Top theme parks
No Hollywood imports here; the big-hitters are all home grown.
A nation which is naturally good at making things doesn’t just restrict itself to cars and household appliances; it prefers its theme parks to be homegrown, rather than imported from the likes of the USA.
The two biggest names are Phantasialand in Brühl, south of Cologne, and Europa-Park in Rust, down by the Black Forest. Both are all-singing, all-dancing, theme park resorts, with a choice of on-site hotels and a day ticket price of around €39, and open between April and October. Europa-Park also has a winter season which starts at the end of November and runs until the beginning of January.
As Europa-Park’s name suggests, the park’s 95 hectares round up the iconic buildings and distinctive features of 14 European countries, some of which are turned into rides (as pictured above). The England zone, for example, has a replica of Shakespeare’s Globe, crazy London taxis (effectively dodgems) and a hovering London bus. A recent addition is the spectacular wooden rollercoaster ‘WODAN -Timburcoaster’ located in the Icelandic-themed area. Greece offers a journey through antiquity with its Poseidon water ride. In France, Silver Star and Eurosat await all brave rollercoaster fans, while visitors can speed round bends on the Swiss Matterhorn-Blitz next door. Overall it’s an ambitious, thoughtful creation, with over 100 attractions and shows, sufficiently varied to merit a couple of days.
Phantasialand, on the other hand, draws its inspiration from more exotic destinations such as China and Mexico, and it prefers the Indiana Jones vision of the world, where exotic places are full of (sometimes threatening) surprises. The shows – dancing, acrobatics, laser shows, comedy etc – are particularly good, and it too is worth an overnight stay. Both are suitable for all age groups.
The nation’s smaller parks tend also to be more specialised, and priced at around €20 for a day. Thus, for example, Filmpark Babelsberg in Potsdam, west of Berlin, has taken its film studio origins to a logical conclusion, introducing stunt shows, action cinema, be-a-newsreader recordings and recreations of famous scenes and sets, usually from German films. This year Potsdam as a whole is celebrating its 100th year in the film business, with a host of special events.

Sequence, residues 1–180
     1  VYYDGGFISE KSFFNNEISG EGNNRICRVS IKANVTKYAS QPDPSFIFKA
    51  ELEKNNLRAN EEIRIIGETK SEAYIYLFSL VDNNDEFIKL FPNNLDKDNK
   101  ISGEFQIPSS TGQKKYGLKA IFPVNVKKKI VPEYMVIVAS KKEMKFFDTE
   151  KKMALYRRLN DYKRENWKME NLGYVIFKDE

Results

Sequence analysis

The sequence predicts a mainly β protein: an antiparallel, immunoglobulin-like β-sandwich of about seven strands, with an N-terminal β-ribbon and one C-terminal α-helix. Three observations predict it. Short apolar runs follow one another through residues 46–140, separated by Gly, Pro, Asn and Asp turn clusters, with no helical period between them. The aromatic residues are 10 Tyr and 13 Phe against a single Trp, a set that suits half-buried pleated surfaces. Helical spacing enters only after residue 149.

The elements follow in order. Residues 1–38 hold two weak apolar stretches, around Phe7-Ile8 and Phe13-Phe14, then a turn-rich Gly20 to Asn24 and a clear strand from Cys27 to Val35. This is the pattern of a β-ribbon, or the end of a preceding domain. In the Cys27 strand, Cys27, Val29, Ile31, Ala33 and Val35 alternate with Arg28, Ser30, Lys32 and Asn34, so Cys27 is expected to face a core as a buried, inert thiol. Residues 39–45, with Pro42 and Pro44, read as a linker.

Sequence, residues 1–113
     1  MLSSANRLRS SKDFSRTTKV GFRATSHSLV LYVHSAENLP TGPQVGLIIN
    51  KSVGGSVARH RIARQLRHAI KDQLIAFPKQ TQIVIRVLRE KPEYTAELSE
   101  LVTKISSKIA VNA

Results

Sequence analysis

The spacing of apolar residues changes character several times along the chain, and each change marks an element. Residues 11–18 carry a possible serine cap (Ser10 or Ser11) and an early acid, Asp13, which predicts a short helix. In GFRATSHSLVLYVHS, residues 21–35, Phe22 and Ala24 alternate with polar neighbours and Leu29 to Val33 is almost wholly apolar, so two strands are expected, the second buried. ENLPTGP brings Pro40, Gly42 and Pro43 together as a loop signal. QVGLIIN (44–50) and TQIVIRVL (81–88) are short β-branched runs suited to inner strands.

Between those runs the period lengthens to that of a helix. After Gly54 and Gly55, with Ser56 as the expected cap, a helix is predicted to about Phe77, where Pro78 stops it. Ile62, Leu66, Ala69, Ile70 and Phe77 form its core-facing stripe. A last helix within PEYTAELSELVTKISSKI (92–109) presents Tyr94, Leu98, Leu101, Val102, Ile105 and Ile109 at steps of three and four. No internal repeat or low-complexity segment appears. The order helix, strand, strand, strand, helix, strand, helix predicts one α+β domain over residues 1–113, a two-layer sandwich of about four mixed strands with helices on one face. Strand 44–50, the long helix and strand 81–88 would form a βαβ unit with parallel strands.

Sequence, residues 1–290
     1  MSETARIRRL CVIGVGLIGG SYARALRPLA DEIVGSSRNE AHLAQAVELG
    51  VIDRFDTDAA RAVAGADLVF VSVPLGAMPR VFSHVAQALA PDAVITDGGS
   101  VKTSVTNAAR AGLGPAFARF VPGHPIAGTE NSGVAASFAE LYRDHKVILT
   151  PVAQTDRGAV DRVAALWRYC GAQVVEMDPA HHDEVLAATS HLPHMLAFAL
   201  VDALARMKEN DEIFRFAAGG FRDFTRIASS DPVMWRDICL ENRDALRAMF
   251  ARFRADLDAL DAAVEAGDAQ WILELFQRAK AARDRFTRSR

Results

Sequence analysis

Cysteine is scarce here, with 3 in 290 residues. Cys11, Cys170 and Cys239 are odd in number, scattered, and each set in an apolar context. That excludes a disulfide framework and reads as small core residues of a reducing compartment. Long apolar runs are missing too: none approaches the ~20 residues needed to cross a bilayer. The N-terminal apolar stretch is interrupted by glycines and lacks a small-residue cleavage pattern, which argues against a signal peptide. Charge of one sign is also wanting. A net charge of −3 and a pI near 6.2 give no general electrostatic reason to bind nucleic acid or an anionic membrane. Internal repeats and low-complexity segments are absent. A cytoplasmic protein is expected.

Further north, the Hansapark by Lübeck is using the history of the Hanseatic League as its backdrop, creating settings from Hanseatic trading towns such as Lübeck itself, Gdansk, Rostock and Bruges. It also has theme park staple adventure worlds like the Wild West, Mayan temples and log flume rides.
Hansapark’s main competition, the Heide Park at Soltau, south of Hamburg, is less thematically organised and more focused on out-and-out fast rollercoasters and manifold rides of various speeds and degrees of wetness. Its day ticket is accordingly a bit more expensive at €37.
If you prefer your family outings to be more educational, Germany has plenty of science-based attractions, particularly Phaeno in the car-making city of Wolfsburg (which also has VW’s car-themed leisure park Autostadt) and Bremen’s Universum which has sections on the themes of mankind, earth and cosmos as well as experiments on wind and weather.
And finally, right down south (for most of the above theme parks are in the northern half of Germany) there’s Ravensburger Spieleland at Liebenau near Lake Constanz. This theme park is based on the creations of the Ravensburger group, famous for the production of jigsaws, puzzles and games, along with additional cartoon characters like Captain Blaubär. It is clearly aimed at a younger age group, but there are still enough rides and outdoor climbing activities in this extensive park to wear out the whole family by the end of the day.